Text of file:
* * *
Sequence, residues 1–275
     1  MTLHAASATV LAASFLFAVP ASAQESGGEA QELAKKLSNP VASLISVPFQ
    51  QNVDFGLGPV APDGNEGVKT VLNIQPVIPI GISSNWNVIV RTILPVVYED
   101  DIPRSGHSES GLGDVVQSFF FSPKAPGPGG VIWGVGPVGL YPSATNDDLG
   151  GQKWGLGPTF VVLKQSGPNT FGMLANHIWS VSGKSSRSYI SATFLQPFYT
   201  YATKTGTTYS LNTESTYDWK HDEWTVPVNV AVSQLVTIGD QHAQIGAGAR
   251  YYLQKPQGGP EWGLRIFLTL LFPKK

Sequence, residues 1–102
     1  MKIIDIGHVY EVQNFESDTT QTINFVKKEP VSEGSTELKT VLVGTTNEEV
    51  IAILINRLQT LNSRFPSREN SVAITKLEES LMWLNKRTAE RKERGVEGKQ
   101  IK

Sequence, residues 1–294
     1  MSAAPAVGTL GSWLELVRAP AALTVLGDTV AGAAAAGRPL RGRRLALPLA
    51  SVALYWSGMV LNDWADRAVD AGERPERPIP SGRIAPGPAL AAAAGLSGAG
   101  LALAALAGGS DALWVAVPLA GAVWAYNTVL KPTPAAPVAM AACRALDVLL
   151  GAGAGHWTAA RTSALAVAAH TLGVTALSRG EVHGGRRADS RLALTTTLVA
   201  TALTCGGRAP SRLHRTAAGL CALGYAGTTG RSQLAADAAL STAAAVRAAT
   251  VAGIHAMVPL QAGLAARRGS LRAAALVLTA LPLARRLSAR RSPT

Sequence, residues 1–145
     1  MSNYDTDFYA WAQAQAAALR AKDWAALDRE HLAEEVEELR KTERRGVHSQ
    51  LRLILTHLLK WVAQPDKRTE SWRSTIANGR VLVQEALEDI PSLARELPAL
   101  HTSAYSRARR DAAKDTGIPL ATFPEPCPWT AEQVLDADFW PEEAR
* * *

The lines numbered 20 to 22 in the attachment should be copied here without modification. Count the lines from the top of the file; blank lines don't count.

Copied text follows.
     1  MSNYDTDFYA WAQAQAAALR AKDWAALDRE HLAEEVEELR KTERRGVHSQ
    51  LRLILTHLLK WVAQPDKRTE SWRSTIANGR VLVQEALEDI PSLARELPAL
   101  HTSAYSRARR DAAKDTGIPL ATFPEPCPWT AEQVLDADFW PEEAR